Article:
Rhology: So it[the universe] just poofed into existence, uncaused, for no reason and by no action. Great. That's faith. I never said that it did. I just don't dismiss it out of hand a priori. If the evidence eventually shows that the universe was caused, that's OK with me. If it shows it wasn't caused, that's OK with me too. In my humble opinion our understanding is supposed to fit the facts, not the other way around as you have it.That's not the correct usage of "beg the question". I quoted him b/c he made a great point. It's up to you to explain why he's wrong. Challenging someone to prove the statement is wrong implies that you think Hume was right, which is begging the question. If I misconstrued your cryptic response then I apologize and agree with you that he is not right (or wrong). Since what you quote is Hume's personal opinion it is neither right nor wrong. To the extent that the quote asserts any fact at all it refers to his life history or writings and speech. I haven't read most of the former and have no access to any of the latter, so I won't contend that aspect of the claim. Hume may have been lying or telling the truth when he wrote that, I have no way of knowing. But I didn't address that because I don't see how Hume's integrity has anything to do with the origin of the universe.Then you're not an atheist... No, I am. Your favorite imaginary universe has no relation to this one we live in unless you can show that it is a valid model of it. You can't.You will scoff, but part of the proof is that the alternative you propose leads to absurdity. Put Achilles and a tortoise on a race track and see who wins. That would settle that. And it would show the absurdity of trying to solve empirical questions with a priori logical argument.As for considering our view of the world as a sort of dream, that's factually accurate, it is all mental, and so a sort of dream. But acknowledging that up front leads to healthy skepticism and an honest uncertainty, not absurdity. What's absurd is confusing your dream with concrete objective reality.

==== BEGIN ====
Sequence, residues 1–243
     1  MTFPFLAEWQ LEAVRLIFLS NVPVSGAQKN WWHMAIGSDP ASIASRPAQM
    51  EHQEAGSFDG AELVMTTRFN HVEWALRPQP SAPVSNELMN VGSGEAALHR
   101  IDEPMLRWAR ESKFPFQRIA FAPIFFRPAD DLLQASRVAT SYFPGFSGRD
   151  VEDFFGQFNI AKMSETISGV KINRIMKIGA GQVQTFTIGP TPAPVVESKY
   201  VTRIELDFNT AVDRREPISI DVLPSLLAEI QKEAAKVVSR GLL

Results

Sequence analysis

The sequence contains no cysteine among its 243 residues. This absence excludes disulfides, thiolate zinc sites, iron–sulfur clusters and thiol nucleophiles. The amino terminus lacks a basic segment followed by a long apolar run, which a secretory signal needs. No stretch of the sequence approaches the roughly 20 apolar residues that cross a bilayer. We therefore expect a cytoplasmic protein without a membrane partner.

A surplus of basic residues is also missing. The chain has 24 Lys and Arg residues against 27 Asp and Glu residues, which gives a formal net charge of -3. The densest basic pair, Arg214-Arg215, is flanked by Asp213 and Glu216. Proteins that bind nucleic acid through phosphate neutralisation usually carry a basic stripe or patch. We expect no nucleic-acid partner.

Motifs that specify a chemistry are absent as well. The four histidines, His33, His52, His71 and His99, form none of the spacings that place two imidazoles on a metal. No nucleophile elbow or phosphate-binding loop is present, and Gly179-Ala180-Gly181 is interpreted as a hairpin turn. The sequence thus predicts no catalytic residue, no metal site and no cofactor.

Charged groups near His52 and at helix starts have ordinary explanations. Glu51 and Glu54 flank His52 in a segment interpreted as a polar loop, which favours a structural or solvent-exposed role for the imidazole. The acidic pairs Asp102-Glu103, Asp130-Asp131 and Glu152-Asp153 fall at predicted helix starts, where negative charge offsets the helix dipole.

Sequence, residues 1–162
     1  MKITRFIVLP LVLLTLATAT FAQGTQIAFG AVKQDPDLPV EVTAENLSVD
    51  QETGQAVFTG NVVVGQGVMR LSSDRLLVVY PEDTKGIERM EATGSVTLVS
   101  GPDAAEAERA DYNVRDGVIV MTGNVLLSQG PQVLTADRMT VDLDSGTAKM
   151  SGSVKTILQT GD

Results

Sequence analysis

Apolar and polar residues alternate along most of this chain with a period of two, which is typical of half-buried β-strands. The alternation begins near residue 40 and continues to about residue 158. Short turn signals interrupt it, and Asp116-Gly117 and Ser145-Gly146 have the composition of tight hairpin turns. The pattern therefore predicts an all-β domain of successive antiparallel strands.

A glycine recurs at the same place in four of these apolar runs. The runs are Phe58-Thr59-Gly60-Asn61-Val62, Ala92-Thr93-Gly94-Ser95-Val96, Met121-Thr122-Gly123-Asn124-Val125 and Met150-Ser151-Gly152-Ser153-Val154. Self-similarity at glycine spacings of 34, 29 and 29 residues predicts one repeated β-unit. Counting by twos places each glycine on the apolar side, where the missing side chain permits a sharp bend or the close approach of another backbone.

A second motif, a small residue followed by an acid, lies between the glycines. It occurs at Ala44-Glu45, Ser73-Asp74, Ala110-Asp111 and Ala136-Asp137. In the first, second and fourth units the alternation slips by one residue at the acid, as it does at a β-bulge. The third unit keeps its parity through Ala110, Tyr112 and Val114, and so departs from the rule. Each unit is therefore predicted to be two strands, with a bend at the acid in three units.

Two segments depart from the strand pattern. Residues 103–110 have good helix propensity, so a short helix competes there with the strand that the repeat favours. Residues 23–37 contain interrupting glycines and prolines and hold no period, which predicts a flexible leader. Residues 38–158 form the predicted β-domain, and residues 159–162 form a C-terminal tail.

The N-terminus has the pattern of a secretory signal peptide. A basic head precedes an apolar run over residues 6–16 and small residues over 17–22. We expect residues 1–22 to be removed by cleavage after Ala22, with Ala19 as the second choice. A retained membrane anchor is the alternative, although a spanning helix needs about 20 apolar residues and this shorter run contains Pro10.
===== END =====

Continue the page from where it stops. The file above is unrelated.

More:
MM,OK. I'll just sit here quietly amused that you think it's possible that sthg could arise w/o a cause, and that you think evidence could someday appear to prove that. Very, very interesting. And you have more faith than many Christians I know, so congratulations on being very religious.You still don't understand what it means to beg the question. Maybe check the Internet Encyclopedia of Philosophy or something; quoting someone to support one's position is not begging the question.Anyway, I'm not sure why I'm responding here, since you haven't really said anythg of substance. Cheers.Peace,Rhology